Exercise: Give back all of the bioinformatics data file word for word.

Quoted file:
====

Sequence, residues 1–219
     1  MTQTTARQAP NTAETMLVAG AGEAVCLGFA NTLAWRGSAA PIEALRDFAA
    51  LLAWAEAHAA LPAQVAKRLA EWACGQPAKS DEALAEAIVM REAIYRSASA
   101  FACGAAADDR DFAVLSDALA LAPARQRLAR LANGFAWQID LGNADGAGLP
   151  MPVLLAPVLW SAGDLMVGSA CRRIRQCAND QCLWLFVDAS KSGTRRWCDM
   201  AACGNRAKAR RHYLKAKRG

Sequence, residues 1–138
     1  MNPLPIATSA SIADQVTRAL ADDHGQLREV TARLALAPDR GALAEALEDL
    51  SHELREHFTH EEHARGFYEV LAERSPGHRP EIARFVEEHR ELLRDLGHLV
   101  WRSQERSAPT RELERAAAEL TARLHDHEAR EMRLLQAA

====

Sequence, residues 1–219
     1  MTQTTARQAP NTAETMLVAG AGEAVCLGFA NTLAWRGSAA PIEALRDFAA
    51  LLAWAEAHAA LPAQVAKRLA EWACGQPAKS DEALAEAIVM REAIYRSASA
   101  FACGAAADDR DFAVLSDALA LAPARQRLAR LANGFAWQID LGNADGAGLP
   151  MPVLLAPVLW SAGDLMVGSA CRRIRQCAND QCLWLFVDAS KSGTRRWCDM
   201  AACGNRAKAR RHYLKAKRG

Sequence, residues 1–138
     1  MNPLPIATSA SIADQVTRAL ADDHGQLREV TARLALAPDR GALAEALEDL
    51  SHELREHFTH EEHARGFYEV LAERSPGHRP EIARFVEEHR ELLRDLGHLV
   101  WRSQERSAPT RELERAAAEL TARLHDHEAR EMRLLQAA